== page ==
THE LONG TRIP FROM BERNE TO BREXIT: An evolutionary case for copyright harmonisation in the European Union

Mitchell, Justine orcid iconORCID: 0000-0003-3968-6874 (2023) THE LONG TRIP FROM BERNE TO BREXIT: An evolutionary case for copyright harmonisation in the European Union. Doctoral thesis, University of Central Lancashire.

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There is considerable interest in reforming copyright law within the European Union. Critical analysis in this thesis in Chapters 3-6 highlights gaps in EU copyright harmonisation in key areas: originality standards, notions of a work, fixation, moral rights, permitted exceptions and works in the digital single market. Despite current attempts at harmonisation, there has not been a satisfactory proposal to harmonise EU copyright law; nor have these differences been explored sufficiently, both in breadth and depth, to form such proposal.
This research investigates the viability of implementing an EU-wide unitary Copyright Regulation, encompassed within a single document. The core central question is whether or not an EU copyright legislative instrument is feasible. A secondary consideration is, if so, whether the proposed EU Copyright Regulation could, and should, annex to the new EU-UK Trade and Cooperation Agreement to supplement EU-UK copyright trading relations.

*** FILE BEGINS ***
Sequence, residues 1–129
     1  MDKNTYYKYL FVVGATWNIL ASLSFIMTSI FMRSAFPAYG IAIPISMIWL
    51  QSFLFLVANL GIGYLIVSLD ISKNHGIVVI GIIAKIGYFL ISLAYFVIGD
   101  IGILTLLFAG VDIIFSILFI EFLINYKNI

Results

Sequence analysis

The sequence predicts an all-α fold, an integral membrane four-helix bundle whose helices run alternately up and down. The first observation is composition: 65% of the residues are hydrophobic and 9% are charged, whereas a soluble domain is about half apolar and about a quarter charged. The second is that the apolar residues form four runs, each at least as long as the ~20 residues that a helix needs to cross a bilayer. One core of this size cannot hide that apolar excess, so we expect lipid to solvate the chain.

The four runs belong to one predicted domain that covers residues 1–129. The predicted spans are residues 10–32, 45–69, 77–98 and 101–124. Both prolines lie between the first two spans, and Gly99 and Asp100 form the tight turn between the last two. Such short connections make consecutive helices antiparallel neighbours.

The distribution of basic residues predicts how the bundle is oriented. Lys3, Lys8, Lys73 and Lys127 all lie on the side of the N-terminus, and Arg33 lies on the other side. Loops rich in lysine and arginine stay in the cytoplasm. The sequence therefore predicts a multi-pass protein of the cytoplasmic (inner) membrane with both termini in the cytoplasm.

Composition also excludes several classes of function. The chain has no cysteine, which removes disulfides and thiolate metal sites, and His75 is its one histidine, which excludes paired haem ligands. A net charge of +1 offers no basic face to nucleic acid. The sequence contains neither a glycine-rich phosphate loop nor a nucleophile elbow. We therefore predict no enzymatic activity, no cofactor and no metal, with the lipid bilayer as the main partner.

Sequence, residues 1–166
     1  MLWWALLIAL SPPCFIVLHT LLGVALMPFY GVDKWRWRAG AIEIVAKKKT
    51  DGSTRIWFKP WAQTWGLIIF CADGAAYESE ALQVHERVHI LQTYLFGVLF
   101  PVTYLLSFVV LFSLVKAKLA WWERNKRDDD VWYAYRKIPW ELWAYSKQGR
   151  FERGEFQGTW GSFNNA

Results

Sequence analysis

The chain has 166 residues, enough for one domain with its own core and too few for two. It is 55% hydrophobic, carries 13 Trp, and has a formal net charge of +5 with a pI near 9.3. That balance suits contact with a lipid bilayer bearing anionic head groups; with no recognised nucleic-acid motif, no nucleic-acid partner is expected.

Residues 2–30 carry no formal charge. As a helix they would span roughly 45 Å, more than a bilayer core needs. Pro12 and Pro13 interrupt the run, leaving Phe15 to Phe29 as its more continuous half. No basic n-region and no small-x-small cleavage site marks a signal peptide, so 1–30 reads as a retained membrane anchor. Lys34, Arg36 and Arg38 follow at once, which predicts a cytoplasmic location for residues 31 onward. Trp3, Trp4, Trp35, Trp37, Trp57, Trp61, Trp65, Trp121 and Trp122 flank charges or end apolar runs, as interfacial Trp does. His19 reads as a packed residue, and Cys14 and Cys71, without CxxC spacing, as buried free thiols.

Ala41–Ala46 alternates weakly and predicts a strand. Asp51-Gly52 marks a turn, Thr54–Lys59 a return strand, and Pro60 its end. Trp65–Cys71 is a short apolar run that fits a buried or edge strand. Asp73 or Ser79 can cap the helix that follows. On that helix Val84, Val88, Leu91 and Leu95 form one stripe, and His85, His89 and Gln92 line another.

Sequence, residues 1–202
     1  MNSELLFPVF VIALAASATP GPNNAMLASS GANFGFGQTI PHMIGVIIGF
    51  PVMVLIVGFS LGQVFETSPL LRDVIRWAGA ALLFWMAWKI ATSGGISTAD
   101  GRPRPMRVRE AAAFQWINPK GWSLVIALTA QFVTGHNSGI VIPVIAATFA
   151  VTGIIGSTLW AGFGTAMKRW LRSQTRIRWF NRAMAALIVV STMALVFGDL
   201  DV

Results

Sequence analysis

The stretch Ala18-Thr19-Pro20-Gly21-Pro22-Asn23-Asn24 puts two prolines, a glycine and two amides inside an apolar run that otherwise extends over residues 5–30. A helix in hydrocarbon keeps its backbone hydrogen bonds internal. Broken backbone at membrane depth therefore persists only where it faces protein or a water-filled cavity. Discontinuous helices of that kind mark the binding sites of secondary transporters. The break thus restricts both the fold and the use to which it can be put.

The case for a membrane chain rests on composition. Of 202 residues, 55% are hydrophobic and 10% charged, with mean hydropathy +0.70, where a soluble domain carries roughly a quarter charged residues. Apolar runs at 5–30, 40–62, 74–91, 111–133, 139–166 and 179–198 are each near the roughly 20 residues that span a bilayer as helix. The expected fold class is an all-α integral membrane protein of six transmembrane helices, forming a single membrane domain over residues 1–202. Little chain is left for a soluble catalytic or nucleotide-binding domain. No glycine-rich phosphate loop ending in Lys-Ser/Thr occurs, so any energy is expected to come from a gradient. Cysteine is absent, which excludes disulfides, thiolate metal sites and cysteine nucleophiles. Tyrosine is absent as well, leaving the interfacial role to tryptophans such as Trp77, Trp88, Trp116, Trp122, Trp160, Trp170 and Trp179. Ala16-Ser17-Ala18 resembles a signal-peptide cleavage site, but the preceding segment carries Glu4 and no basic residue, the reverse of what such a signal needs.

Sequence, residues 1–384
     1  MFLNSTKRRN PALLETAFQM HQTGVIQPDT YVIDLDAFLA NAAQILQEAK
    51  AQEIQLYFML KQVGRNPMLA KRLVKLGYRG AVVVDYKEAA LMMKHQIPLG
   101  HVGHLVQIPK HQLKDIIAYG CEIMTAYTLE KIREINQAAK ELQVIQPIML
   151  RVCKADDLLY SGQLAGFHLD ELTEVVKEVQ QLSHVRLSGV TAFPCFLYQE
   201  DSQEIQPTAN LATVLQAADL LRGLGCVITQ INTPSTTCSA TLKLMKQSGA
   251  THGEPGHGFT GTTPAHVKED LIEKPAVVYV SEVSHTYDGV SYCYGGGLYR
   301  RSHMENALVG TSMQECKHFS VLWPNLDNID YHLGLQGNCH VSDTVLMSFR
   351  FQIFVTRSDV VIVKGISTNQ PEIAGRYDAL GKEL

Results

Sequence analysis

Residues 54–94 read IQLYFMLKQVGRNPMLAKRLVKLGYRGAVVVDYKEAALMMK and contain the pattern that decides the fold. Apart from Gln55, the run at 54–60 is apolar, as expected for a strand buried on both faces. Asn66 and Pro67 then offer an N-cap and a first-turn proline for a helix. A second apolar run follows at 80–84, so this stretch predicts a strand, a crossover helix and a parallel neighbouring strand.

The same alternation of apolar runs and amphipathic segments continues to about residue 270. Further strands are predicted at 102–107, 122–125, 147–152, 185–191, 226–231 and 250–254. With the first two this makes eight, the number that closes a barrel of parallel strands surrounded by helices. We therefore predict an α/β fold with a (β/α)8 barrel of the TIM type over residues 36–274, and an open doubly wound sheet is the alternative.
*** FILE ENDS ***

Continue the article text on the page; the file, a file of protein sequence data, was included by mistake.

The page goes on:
The thesis is evaluated in the context of the EU’s legislative powers, predominantly TFEU, Arts. 114 and 118, but with particular respect paid to Arts. 4 and 5 in terms of subsidiarity and proportionality. All proposed reforms must satisfy these legislative provisions.
Chapter 2 focuses on historical considerations and will reveal that the Commission prioritised the harmonisation of industrial property, without consideration of copyright, which will be shown to have been erroneous.
The author’s research centres predominantly on using the Draft Wittem European Copyright Code (2010) as a theoretical framework for two points: critical analysis of selected issues of copyright and as an architectural structure for drafting the posited EU Copyright Regulation. Critical analysis in Chapters 4 and 5 will reveal that a Copyright Regulation is possible. Moreover, the research will reveal that the CJEU has been instrumental in bringing about this possibility through its creative interpretation of EU directives, regulations, EU treaties and international treaties.
Moreover, evaluation of the Trade and Cooperation Agreement in Chapter 6 will reveal that, whilst there are still differences between EU and UK copyright laws, it is possible to annex the proposed Regulation to the Agreement to better support trading relations in copyright works. The thesis will show that it should annex to the Agreement for improved trading relations.
Reforms are recommended in Chapter 7 to continue harmonisation in areas as yet, unharmonised. Moreover, reforms will also seek to strengthen protection in current directives/regulations that have already been passed to harmonise certain areas of copyright law but which, over the passage of time, could be improved. A draft skeleton of the proposed EU Copyright Regulations is appended to this thesis (Appendix A).

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